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Camera

Cameras classified by their technology Two technologies to transmit the video signal:

  • Analog cameras:
    • The video signal is transmitted over a coaxial cable to a recorder that converts the analog signal into digital data.
  • IP cameras :
    • The video signal is captured by the same type of sensor as the analog camera, but it is digitalized directly in the camera by an embedded processor. Data are then transmitted to a recorder, over a network cable(Cat 5 or 6).

Cameras classified by their form

Conventional cameras

  • A little square box with removable lens. These cameras offer more flexibility in the choice of lens with special features: Dynamic lighting (WDR, wide dynamic range), wide or long range (lens 50, 100 or 200mm, to see very far).
  • They are used when a specific environment requires a special casing.

Dome Cameras

  • These cameras have a more discreet field of view, the bubble that covers the camera makes it more difficult to change its target by mistake, unlike conventional cameras and “bullet” that will change alignment if hit.

Bullet cameras

  • These cameras have an integrated lens, they offer little flexibility, and can be moved if hit. Their advantage is their price.

Specialized cameras

  • Some cameras have a special form because the manufacturer has decided it others are designed specifically to be used as hidden cameras. Given their size and shape, they can be integrated into common elements of the environment to be monitored.

Cameras classified by their ability to perform under different environments

 

Indoor vs outdoor cameras

All outdoor cameras may be used indoor as well without problem, however, an outdoor camera must withstand:

  • Low temperatures;
    • Many cameras available in Canada show a nominal range of operation temperature starting at -10 degrees Celsius, they can usually survive the winter if they are somewhat protected from the weather and located in areas further south, such as Montreal or Toronto.
    • In order to get a camera that is certified to operate at -50 degrees, ones must anticipate a much higher price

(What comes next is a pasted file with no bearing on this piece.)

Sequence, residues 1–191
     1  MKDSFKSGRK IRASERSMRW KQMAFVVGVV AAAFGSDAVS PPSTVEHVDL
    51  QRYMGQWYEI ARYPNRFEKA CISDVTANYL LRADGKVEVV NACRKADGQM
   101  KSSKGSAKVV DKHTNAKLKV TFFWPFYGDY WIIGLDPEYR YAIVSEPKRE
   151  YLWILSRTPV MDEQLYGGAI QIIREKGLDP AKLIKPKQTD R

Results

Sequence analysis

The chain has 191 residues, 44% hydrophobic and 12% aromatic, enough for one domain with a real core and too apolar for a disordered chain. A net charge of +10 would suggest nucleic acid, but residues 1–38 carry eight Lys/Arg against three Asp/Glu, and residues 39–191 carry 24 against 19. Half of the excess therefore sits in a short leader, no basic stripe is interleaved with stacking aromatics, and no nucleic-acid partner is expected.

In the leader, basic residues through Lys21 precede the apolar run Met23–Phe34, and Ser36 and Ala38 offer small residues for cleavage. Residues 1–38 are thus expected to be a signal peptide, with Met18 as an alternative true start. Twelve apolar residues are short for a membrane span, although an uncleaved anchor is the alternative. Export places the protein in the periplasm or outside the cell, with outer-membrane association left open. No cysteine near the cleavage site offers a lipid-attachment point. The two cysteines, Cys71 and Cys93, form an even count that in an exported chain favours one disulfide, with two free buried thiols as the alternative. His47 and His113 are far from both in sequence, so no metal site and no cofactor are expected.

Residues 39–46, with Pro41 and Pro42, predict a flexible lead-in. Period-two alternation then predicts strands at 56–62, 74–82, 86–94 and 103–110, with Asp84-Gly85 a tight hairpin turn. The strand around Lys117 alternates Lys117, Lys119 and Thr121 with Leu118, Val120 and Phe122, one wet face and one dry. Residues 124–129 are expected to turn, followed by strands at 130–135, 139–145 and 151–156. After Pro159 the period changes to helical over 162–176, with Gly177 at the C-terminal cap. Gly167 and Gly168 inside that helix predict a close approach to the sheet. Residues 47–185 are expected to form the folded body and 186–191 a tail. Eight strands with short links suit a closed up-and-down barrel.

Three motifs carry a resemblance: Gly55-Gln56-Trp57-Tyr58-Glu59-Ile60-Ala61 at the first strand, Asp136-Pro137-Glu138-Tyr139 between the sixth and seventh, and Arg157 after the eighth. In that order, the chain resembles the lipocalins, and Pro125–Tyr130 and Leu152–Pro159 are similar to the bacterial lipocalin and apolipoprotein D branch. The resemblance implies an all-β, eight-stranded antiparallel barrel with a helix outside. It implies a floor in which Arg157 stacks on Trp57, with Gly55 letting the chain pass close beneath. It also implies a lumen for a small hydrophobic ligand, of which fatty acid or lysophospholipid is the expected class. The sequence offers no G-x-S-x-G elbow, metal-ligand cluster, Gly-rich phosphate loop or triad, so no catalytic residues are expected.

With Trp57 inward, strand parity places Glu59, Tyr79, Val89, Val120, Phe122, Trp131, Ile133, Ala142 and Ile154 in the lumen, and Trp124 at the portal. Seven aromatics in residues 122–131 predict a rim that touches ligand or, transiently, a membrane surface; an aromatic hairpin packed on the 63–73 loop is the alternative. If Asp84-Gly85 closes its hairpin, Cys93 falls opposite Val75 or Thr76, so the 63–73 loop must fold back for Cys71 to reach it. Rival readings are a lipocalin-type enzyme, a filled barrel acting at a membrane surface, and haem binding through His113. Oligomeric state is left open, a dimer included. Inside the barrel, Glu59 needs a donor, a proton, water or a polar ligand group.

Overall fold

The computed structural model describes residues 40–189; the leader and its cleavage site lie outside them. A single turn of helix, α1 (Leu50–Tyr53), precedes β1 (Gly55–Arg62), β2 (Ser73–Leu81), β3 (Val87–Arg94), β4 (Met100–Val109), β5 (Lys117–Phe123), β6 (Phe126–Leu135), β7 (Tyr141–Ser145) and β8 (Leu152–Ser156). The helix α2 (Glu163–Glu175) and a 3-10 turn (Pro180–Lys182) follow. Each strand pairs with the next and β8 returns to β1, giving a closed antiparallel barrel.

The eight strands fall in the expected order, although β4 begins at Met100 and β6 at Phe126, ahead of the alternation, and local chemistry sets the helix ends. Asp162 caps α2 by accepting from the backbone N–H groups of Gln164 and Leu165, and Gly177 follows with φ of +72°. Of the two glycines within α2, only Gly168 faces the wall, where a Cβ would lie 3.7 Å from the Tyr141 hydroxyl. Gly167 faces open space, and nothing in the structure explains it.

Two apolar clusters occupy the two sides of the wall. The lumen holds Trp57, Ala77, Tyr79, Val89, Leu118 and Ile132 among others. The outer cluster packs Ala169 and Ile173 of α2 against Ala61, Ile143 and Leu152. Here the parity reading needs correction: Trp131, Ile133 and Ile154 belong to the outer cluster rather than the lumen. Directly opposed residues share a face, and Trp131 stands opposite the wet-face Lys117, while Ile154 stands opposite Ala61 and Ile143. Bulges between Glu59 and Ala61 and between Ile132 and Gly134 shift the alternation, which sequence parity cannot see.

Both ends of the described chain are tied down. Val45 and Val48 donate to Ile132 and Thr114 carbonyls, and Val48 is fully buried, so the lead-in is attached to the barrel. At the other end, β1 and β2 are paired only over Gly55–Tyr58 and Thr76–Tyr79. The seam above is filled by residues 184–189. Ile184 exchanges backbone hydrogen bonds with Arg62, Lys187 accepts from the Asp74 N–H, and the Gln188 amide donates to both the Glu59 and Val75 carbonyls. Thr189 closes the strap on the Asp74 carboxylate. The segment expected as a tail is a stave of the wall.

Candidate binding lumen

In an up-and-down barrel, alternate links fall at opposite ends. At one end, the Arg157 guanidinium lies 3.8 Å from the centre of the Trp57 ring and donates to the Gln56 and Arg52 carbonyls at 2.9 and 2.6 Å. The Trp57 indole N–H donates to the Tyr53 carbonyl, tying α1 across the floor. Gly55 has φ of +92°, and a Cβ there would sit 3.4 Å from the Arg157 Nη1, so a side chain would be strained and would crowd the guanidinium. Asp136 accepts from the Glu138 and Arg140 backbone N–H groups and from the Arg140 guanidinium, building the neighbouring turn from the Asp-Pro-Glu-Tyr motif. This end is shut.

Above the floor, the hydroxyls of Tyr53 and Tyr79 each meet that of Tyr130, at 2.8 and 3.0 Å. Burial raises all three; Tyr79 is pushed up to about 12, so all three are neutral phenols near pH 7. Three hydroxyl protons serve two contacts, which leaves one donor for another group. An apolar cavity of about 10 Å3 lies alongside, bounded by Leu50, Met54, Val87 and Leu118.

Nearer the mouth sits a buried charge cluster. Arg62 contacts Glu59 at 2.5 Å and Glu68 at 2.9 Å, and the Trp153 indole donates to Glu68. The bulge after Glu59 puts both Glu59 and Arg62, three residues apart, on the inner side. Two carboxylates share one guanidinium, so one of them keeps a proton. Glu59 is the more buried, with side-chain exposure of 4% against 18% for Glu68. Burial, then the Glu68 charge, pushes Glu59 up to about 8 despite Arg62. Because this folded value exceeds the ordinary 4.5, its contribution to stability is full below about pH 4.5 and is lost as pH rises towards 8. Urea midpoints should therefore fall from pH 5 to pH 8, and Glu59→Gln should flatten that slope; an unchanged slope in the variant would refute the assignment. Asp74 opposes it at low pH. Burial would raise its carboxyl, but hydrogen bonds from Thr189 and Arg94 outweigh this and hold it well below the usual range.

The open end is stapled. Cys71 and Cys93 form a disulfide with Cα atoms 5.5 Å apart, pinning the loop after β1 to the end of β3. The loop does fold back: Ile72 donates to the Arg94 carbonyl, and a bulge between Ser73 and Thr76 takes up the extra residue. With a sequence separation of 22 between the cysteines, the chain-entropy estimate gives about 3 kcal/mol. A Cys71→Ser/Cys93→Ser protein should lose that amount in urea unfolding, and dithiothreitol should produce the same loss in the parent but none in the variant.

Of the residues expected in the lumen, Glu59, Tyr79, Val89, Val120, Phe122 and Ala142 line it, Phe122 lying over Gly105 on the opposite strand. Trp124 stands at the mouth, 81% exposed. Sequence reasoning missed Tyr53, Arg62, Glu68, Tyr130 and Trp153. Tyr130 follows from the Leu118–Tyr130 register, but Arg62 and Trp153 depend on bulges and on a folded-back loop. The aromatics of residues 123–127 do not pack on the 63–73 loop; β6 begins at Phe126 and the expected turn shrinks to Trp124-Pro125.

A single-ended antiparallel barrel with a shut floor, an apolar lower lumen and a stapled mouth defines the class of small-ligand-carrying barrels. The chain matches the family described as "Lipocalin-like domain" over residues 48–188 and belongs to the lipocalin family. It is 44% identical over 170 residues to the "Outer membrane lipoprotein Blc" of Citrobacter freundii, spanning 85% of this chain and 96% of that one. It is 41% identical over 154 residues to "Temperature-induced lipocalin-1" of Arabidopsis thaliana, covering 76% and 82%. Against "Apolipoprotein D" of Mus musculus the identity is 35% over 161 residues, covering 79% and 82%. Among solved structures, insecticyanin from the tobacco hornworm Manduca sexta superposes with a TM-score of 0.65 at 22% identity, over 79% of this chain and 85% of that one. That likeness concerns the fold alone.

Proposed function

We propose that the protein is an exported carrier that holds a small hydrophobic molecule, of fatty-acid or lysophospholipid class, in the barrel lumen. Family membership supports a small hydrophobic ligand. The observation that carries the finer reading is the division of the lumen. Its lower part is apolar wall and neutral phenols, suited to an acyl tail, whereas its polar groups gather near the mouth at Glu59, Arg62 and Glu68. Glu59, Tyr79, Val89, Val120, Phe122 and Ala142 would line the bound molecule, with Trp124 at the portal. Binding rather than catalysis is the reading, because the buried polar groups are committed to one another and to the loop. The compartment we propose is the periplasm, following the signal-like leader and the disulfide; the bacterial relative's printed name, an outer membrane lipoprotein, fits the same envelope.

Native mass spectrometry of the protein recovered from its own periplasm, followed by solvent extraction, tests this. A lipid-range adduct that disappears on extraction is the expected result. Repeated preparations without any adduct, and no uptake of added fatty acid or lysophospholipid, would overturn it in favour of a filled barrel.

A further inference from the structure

• High humidity and sometimes rain directly;
    • Higher quality cameras bear a notice about their weather resistance, it is expressed as follows: IP 65, IP 66, IP 67. The higher the number, the more the camera can withstand moisture and dust.
  • Typically, outdoor cameras must also be resistant to shocks; therefore dome cameras with vandal-resistant casing are most appropriate.
    • Dome cameras offer very good range of outdoor models.
    • Conventional cameras must be placed in a protective casing, waterproof, ventilated for summer and heated for the winter.
  • Other specialty cameras:
    • There are many types of protective enclosures such as: explosion proof, waterproof, dustproof, and others.

Features of cameras with regards to lighting:

  • Darkness is the enemy of cameras;
    • for this reason, cameras with built-in infrared lights are very popular, however they often give a disappointing result because under infrared light, the image becomes black and white and the subject becomes dazzled, making details difficult to grasp.

The following pictures show, on the left, an image captured by a camera with infrared lighting; on the right, by a camera featuring a good “Day / Night” function (True Day / Night)

Here are images captured by the same cameras during daytime.

  • Too much light is just as bad,
    • Light must be shooting from behind the camera towards the scene in order to obtain good results.
    • If lighting comes from behind the subject towards the camera, captured subject becomes dark (Just as taking a picture when facing the sun), the effect is even worse if the subject is moving.

To overcome this situation, there are cameras with all kinds of features from Auto-Iris to WDR (Wide Dynamic Range). While many manufacturers sell their products as being WDR, there are large differences in the results obtained by each. Rely on our expertise.

Choice of lenses

No single camera can meet all needs; again, our experience is very much valuable to choose the appropriate one.

The opening (coverage area) of a lens is expressed in millimeters, there is a large range of choice such as 4mm lens or 9mm as well as varifocal (manually adjustable). The higher the number, the farther we can see. To express this notion in a very simplistic way, assume that we can recognize someone, see his face with a 4mm lens, if the subject is at about 4 feet; with a 15 mm lens we will see the same face at 15 feet and therefore with a lens 50 mm, we will see a face at 50 feet.

On the other hand, the width of the captured scene will be proportionately narrower with a 50mm lens than with a 4mm lens. We always have the choice between seeing a “large scene” or seeing “more details”. The concept of “details” in the image is also influenced by the resolution of the sensor; here come into play, the IP “megapixel” cameras, they offer higher resolution, more pixels in the image, it is then possible to get more details. On the other hand, higher resolution (mega pixels), requires a more appropriate lighting.



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